This year has gone off with very little bang. There is no need to be reminded of the struggles we have endured over the past two years, so today, I want to focus on the good. What do we have in our control right now? Well, surprisingly there is a lot that is within the realms of our control in life, and one of those is the relationship we have with our pets.
How would you rate your relationship with your pet? Do they listen to you? More importantly, do you listen to them? Do they come when they are called? Do they respect you? Trust you? We’d like to think that our pets come already trusting and respecting us, but in reality, both virtues need to be earned. Puppies and kittens are inherently more trusting because they have not been exposed to the world much. Where as adult pets, or recently adopted pets can take time to learn that you are trust worthy and deserve their respect.
One of the most common reasons our dogs do not listen to us, do as we say, and are difficult to work with, is because of the relationship we have together. Before a dog will listen to us, we must learn the art of listening to them. Here are some tips that will help you learn to provide the best relationship possible with your pet, and with yourself:
Observe your pet more. Instead of only watching them when they are doing the behaviour you don’t like, look out for what leads to it. When you can see what the cause is, you’ll have a better understanding of how to prevent the problem in the first place.
Look out for the C- Words. If you’re not familiar with these, they are three words that we should always reward our dogs for when they are Calm, Cooperating, Controlling themselves, dogs will do these things every day, and several times a day. When we start to focus on these instead of waiting for something to go wrong, we soon find that they start offering the right behaviours far more often, and the bad behaviours far less often.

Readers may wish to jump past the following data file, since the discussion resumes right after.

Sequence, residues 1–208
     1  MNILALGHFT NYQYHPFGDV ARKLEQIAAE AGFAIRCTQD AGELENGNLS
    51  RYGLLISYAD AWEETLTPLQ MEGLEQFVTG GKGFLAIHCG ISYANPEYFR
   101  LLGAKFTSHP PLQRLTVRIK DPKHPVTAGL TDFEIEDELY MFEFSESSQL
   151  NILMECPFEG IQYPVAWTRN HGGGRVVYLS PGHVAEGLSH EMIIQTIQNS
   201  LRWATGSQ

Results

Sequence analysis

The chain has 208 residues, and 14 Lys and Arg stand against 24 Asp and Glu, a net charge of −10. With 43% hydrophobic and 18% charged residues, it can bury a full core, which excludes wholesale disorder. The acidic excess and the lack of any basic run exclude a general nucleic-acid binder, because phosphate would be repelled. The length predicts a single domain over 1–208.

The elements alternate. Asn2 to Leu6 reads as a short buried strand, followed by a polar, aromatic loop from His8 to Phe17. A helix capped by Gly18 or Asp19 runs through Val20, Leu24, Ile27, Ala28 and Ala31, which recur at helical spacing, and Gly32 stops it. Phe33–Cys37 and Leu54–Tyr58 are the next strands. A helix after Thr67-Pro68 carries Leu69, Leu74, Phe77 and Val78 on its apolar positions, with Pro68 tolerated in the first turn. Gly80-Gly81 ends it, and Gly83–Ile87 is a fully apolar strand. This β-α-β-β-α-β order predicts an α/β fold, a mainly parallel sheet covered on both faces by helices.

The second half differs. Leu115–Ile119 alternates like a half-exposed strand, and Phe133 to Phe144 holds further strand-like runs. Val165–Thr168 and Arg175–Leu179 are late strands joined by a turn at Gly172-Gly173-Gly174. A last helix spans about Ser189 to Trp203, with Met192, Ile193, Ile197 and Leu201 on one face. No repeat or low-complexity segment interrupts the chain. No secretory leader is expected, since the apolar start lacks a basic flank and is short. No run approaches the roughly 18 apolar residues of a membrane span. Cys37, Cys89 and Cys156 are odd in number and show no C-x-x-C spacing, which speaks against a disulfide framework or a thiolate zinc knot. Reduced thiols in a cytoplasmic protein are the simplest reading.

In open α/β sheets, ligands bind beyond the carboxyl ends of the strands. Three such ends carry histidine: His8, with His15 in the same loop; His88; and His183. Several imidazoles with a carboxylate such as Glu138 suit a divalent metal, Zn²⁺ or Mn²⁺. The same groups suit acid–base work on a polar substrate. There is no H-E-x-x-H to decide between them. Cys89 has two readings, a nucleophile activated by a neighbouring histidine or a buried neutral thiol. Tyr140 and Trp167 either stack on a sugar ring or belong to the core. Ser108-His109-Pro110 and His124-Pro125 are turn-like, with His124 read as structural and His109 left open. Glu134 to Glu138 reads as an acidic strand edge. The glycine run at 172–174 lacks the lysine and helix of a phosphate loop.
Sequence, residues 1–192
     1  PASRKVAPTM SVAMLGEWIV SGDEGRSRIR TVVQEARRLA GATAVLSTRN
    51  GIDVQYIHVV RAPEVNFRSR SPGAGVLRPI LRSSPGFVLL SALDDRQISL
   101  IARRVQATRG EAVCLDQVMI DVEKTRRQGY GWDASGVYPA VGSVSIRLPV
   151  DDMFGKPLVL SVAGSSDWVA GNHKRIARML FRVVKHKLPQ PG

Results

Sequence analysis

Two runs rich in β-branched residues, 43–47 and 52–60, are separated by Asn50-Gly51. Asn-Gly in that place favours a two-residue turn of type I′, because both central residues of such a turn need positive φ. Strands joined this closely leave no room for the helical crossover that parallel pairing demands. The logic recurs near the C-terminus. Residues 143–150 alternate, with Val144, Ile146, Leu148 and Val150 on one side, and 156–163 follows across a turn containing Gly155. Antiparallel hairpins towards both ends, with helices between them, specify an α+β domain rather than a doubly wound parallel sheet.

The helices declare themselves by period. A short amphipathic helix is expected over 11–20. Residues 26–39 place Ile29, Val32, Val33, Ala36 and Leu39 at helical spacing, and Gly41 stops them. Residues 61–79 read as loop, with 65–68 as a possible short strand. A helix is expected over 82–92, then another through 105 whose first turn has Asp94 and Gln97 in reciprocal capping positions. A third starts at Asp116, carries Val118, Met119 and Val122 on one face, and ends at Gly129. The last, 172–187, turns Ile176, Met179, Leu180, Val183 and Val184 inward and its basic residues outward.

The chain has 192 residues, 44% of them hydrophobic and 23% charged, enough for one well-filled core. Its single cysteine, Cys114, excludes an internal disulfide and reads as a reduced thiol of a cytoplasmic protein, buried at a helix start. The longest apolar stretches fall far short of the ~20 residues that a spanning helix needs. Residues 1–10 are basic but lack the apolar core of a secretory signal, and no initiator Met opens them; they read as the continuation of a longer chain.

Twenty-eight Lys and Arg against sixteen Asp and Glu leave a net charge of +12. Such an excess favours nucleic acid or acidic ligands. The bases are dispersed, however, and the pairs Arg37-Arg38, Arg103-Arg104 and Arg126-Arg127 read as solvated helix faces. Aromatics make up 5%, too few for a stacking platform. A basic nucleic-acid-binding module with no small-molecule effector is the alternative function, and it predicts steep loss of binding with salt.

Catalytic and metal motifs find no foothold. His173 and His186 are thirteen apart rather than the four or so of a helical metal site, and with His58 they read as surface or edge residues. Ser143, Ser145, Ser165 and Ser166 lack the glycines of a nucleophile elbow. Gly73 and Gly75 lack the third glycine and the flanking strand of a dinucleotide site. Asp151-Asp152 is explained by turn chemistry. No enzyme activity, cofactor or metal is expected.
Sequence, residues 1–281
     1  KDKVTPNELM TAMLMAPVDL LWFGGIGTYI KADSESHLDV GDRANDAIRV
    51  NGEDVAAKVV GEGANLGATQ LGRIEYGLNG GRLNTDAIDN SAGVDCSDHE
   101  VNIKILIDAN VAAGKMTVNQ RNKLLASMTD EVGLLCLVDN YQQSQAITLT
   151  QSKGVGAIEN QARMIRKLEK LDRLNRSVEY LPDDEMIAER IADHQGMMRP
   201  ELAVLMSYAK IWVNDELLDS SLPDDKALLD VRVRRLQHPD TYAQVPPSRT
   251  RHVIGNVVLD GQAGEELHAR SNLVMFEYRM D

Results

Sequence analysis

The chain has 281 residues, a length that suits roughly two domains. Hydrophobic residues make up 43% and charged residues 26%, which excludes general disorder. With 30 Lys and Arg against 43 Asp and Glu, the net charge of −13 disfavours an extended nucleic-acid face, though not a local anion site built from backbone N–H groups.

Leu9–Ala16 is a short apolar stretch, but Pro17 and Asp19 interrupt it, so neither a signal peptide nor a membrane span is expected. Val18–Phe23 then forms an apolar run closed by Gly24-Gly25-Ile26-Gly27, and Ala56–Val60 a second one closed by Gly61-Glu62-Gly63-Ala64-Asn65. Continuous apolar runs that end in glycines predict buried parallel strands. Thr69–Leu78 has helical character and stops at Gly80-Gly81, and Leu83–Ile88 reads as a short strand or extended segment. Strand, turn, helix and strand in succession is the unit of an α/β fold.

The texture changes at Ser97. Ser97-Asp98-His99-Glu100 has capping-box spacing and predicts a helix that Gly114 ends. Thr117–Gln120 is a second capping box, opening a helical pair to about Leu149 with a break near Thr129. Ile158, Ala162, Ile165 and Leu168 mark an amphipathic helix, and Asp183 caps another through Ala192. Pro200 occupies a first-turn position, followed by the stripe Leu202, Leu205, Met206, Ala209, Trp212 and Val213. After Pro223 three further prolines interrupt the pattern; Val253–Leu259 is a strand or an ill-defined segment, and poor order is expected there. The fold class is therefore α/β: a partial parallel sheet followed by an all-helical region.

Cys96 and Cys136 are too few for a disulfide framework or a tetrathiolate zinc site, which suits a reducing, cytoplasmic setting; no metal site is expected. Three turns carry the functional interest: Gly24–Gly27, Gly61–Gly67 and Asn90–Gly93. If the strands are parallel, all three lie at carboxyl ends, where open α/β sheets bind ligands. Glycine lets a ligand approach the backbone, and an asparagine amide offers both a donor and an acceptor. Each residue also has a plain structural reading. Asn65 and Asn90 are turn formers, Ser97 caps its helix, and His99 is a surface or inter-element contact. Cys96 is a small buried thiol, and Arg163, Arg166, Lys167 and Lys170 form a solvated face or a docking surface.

Take the pressure off. Often, we expect our dogs to comply with us at all times. But dogs and cats (in fact most pets in our lives) are sentient, meaning they have thoughts and feelings like us. If they don’t do as we ask, don’t get upset with them. Ask yourself why they did it. How to solve a behaviour problem requires a lot more internal dialogue than getting frustrated by our pets.
Resist the urge to disengage with your pet, by using social media. On average, we spend 145 minutes scrolling social media per day. That’s almost 2.5 hours aimlessly looking at content that makes us anxious and unhappy. Imagine what you could achieve with your pet over 2.5 hours each day! Plus, I guarantee you’d both be much happier and healthier.
Just be. I know that this is a little cliché these days. Being mindful and being in the present is a practice that we are all aware of. But how many of us actually do it properly? I know that our pets are great at it. There are ample studies showing that people who live in the present are happier. Want to be happier? Well, this may be a great start! When we are happier, our pets are too. They need us to be calm, confident and stable. When we are not, they are not either.
Well, I think that’s a good start on our pursuit to a better year and a more positive relationship with our pets. I think that this year is the year to finally put a lot of this into practice. If there’s one thing I have learnt over the past two years, it is that life is short and it is precious. And, if we are lucky enough to have animals in our lives, now is the time to make the most of life with them.